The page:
(second block, fourth letter of the prisoners' quadratic tap code...)

...am here to tap through the walls.

Tue Aug, 08 2006


Martin remarks on my remarks on the French Revolution:

"As to stretching 'Cold War' back to 1917 and then stretching it again back to 1789, I think that’s O.K., but what is really needed is a term that fits the entire period back to 1789 and to then make the Cold War one of its subcategories. There’s also need for a term to cover, as another subcategory, the period from the 'end' of the Cold War to the present. Beck would probably like 'The War on Individuals' as the all-encompassing term, and I might prefer 'The Postmodern Liquidation of the West' as the term for the period from the end of the Cold War to the present, but they’re both too descriptive and without the right kind of sound to them. Like 'Cold War,' a good term describing a historical period has to have a sound roughly equivalent to when an extremely strong man tosses a manhole cover aside, onto a concrete-paved street. So that when you hear it, your attention will be force-focused."
That last line of Martin's is just about what I'm all about in this, and there are any number of good reasons for it, despite the difficulties in adjusting the prevailing lexicon. For example: "The Cold War", in referring to an ideological battle going back to 1789, is a matter of plain fact. The percentage of the intervening two hundred seventeen years spent at actual armed battle between individualism and collectivism is a minute percentage of the same effort spent in the forty-four years after it entered popular use. Those two centuries of intellectual combat for the minds of people all over the world have been every bit as important as the comparatively parochial superpower contest for less than a half-century that the term commonly (yes: commonly) connotes. They involved human lives in untold numbers approachable only by the general catastrophe of nuclear war, the very absence of which being what kept the thing "Cold". Well, I say that those two centuries were a lot more "cold", and the general issue here -- the broadest possible abstraction -- is precisely what demands the "force-focus" that Martin is talking about.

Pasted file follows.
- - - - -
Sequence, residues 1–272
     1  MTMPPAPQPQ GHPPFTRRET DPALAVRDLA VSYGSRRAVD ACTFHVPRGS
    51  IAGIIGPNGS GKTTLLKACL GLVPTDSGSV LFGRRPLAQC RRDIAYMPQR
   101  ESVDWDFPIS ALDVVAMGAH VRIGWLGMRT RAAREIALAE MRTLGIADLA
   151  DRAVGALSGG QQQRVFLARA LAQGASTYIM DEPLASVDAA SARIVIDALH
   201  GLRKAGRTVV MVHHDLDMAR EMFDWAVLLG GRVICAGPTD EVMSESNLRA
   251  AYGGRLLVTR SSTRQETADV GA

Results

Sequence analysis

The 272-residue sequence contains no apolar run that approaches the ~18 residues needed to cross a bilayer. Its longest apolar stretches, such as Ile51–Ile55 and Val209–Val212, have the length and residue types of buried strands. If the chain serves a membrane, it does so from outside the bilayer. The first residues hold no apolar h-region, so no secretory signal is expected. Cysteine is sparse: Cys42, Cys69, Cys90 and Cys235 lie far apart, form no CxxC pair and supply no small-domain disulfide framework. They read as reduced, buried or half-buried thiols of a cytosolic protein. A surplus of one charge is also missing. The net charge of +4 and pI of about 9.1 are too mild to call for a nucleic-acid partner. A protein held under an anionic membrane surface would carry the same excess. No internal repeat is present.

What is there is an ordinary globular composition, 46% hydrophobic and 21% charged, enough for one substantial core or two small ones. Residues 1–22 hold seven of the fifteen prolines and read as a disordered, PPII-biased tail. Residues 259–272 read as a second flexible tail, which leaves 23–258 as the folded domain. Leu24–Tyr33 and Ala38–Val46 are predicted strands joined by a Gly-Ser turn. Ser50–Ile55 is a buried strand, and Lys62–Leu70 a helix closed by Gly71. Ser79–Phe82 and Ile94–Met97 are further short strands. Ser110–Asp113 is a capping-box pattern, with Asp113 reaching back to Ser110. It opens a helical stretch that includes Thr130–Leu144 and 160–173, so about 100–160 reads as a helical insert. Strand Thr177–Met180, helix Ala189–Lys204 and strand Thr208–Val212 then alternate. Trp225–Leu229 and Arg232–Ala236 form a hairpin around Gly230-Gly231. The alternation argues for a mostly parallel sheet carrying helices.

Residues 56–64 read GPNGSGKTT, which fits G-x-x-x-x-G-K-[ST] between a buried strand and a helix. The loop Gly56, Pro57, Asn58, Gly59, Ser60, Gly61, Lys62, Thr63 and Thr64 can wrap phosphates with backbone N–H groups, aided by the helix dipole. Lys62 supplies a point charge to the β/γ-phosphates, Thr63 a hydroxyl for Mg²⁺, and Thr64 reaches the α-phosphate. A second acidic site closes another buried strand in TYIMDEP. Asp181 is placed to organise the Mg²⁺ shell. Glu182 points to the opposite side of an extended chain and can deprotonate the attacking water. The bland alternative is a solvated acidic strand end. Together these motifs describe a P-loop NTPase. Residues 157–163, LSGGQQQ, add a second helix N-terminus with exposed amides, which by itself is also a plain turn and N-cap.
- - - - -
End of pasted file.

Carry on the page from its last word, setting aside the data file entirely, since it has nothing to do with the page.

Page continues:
Various guitars I see floating by, mostly Gibson and mostly eBay.

Early Norlin ES-335 -- 1970, in Walnut ("ES-335TDW"). This is a period-piece look and feel, and arguably the sound as well but that's to cut things very finely. A "classic" 335 would be the original of 1958 in the Sunburst or Natural finish, or the Cherry Red of 1959; the Walnut of 1970 (second year of that finish offering) is not really a "classic" 335. In the history of the Gibson aesthetic, this is analogous to, say, vertically-striped polyester bell-bottoms or Bahama Blue shag carpeting. None of this is to say that they're not cool guitars, and this is a nice one. Excellent photographs.

Chrome hardware, featuring the trapeze tailpiece (like my L-47 and I've always liked it) and ABR-1 bridge with period-typical nylon saddles. Bound rosewood fretboard, with small block markers, and then the crown inlay at the machine head. These would be the T-top Humbuckers. Vintage Nazis would moan that the upper bouts are pointy (the body templates were wearing-out in the factory) and the fourteen-degree machine head with the volute signals a sometimes not-fun era of the line, but these things really do rock or moan or whatever you want a 335-type semi-hollow to do. ...which, of course, is because it really is a 335.

In the months since I've let AxeBites languish all to bleedin' hell, Gibson's Robot Guitar technology has sifted out to other models than the original Les Paul application. I don't know how it's going: I still haven't even seen one of these self-tuners. I don't see piles of them burning on the sides of the highway, nor reverent hangings in display cases over bars, so who knows? This 2008 Robot SG is ready to rock in the Metallic Red. Nickel hardware; it's the stoptail wired for data to send to the tuners, with dual Humbuckers. It's a bound rosewood fretboard, but I really like the single-bound machine head with the crown inlay. That's a real cool old-school look, right there, to set off that crazy-ass color. {nod}